magiccarpetride
2011-04-12, 11:02
Photography does not capture the image as we see it , there is no peripheral vision , there is a fixed depth of field and colours are dependant on monitor and printer , dynamic range is compromised as well.
You will never get the captured image as you saw it at the time.
That same image can be captured many ways , for eg with shallow DOF or with deep DOF which will change the perception/perspective , as will the focal length of the lens and so on.
There are as many ifs buts and maybes in photography/videography as there are in audio , and both encompass an objective/measurement component and a subjective side.

You're right, photography can never come even close to how we visually perceive the world. That is the reason why visual art will never get supplanted by photography. The optical perspective, governed by the objective laws of physics, differs from the mental perspective governed by the inner laws of human psychology.

For example, if you're surveying a landscape, and then take a photo of that same landscape, you will notice that the photo doesn't match your impressions. This is due to the fact that, if you spot a large oak tree in the distance, your mind, knowing that the tree is rather large, will actually ENLARGE and augment the raw signal, so that you will perceive it differently than what the camera lens and the sensor will capture.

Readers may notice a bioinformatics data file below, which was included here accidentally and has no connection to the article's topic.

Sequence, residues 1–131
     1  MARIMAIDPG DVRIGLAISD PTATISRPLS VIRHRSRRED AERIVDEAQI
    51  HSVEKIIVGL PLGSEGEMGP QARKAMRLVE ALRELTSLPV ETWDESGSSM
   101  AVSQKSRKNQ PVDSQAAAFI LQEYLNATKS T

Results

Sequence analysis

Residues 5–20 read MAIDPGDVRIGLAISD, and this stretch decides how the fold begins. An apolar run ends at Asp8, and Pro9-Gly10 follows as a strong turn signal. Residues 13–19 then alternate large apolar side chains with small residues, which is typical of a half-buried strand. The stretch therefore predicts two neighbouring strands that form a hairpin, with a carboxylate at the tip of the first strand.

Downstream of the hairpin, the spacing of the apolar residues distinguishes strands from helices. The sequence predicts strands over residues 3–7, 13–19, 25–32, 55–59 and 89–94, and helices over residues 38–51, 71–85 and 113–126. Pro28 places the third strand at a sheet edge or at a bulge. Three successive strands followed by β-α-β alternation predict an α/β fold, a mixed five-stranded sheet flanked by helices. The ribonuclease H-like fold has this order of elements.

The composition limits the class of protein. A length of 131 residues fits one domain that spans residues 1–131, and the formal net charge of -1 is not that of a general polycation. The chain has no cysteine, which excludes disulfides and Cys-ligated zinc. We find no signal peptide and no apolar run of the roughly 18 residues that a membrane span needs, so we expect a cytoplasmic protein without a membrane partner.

The above is a well known phenomenon which explains why are masterful works of art more appealing to us than high precision, high resolution photography.

Phil Leigh
2011-04-12, 11:17
You're right, photography can never come even close to how we visually perceive the world. That is the reason why visual art will never get supplanted by photography. The optical perspective, governed by the objective laws of physics, differs from the mental perspective governed by the inner laws of human psychology.

For example, if you're surveying a landscape, and then take a photo of that same landscape, you will notice that the photo doesn't match your impressions. This is due to the fact that, if you spot a large oak tree in the distance, your mind, knowing that the tree is rather large, will actually ENLARGE and augment the raw signal, so that you will perceive it differently than what the camera lens and the sensor will capture.